2. Make sure that tree is Elderflower
This is what Elder looks like up close.
The flowers are tiny and white and grow in little bunches like umbrellas. The leaves come out right across from each other, with one final leaf sticking out the end. They will grow in odd numbers (because of the end leaf), usually 5 or 7. The edges of the leaves are slightly serrated, like a bread knife.
The leaves are important because there are a few trees that have similar looking flowers.
PROPERLY IDENTIFYING a plant is the MOST IMPORTANT part of any plant-medicine-making venture. (See all the capitals I used there? This is my "I mean business" paragraph).
If you are not 153% sure that you have the right plant, just don't do it. At best, your champagne will suck. At worst, you will poison yourself and your friends when you serve it at a BBQ.
I have misidentified this plant myself, most embarrassingly at a workshop I was running on Backyard Medicine! But I was new to the area, and lots of plants look similar. Luckily, there was a local, experienced gardener about who very gently corrected me (thanks Gwen!).
So don't pull an Emily, get your plants straight!
3. Pick flowers
For this recipe, which makes about 4L of sparkly deliciousness, you will need about 10 heads of Elderflowers.
You don't want to strip any tree of all its flowers, you want to leave some to become berries in the fall (see post from last year about Elderberry Syrup!) and you want to leave some for other people, the bees, and the birds.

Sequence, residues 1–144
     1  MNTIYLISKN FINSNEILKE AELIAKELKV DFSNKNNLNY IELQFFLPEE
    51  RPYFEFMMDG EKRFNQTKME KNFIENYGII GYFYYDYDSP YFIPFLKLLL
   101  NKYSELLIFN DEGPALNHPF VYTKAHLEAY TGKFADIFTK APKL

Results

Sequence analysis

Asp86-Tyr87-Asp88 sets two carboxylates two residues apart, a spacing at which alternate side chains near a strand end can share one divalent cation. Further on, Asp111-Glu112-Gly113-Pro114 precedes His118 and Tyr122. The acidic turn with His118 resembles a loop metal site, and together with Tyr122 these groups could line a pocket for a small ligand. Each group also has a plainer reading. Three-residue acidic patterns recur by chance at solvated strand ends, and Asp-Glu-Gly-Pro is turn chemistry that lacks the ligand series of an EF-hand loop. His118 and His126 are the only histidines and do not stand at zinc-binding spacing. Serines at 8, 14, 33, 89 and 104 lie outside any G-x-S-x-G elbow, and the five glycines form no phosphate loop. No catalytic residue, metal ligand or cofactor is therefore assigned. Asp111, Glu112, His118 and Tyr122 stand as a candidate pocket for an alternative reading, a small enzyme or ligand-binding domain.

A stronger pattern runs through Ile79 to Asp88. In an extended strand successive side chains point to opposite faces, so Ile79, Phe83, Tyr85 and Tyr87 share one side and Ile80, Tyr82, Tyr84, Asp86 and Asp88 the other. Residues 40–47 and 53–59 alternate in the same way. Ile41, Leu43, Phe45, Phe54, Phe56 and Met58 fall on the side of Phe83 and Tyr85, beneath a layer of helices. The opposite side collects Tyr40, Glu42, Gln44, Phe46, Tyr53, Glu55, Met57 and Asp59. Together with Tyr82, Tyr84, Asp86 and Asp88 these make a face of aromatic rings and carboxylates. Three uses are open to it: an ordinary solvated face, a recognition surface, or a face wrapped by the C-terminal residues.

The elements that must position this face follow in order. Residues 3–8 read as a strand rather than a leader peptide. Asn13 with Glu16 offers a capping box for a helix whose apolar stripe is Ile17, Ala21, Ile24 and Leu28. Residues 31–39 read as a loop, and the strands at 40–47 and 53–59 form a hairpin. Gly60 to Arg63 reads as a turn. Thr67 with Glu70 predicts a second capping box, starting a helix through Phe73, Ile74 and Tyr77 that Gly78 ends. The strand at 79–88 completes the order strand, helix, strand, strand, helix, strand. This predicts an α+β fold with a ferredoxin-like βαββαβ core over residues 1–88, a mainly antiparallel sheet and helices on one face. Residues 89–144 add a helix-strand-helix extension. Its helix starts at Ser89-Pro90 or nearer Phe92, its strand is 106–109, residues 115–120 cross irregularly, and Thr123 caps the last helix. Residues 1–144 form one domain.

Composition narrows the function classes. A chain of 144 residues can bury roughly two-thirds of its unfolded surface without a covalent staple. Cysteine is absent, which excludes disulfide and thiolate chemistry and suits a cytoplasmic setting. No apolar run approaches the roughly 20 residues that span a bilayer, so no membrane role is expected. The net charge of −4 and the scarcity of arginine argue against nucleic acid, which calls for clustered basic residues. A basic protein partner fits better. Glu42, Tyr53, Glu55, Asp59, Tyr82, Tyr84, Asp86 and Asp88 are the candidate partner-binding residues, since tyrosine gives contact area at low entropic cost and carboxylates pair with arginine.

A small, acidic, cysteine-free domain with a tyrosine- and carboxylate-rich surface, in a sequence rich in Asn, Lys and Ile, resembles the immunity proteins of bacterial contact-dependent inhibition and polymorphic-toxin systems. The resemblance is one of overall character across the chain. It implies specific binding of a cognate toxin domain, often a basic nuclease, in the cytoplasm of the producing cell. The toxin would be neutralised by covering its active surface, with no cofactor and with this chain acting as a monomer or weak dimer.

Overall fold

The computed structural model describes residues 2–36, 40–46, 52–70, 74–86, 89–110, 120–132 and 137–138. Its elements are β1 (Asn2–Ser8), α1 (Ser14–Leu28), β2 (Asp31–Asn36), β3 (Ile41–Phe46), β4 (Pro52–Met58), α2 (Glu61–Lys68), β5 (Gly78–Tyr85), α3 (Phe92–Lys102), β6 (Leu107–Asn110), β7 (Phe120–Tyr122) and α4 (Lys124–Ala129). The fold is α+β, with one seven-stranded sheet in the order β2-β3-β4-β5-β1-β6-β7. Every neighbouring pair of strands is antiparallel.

Wildcrafting (harvesting from the wild) is super fun and rewarding, but needs to be done responsibly. (Serious Emily paragraph #2)
4. Make Champagne!
I am now going to abandon this numbered list and just give you the recipe.
Note that this isn't something that you make in one day. From picking to drinking this is more like a minimum 2 week situation. Just a heads up.
10 heads elderflowers
3 lemons, juice and rind (ideally organic)
450g sugar (sorry but white works best)
4.5 L water
1tbsp cream of tartar or white vinegar
1 large soup pot
2 x plastic 2L bottles, clean!
Shake the bugs out of your elderflowers. There will be many. Do this outside. Or don't worry too much. I have drank many, many bugs in my elderflower over the years :)
In a large soup pot, add 1L of boiling water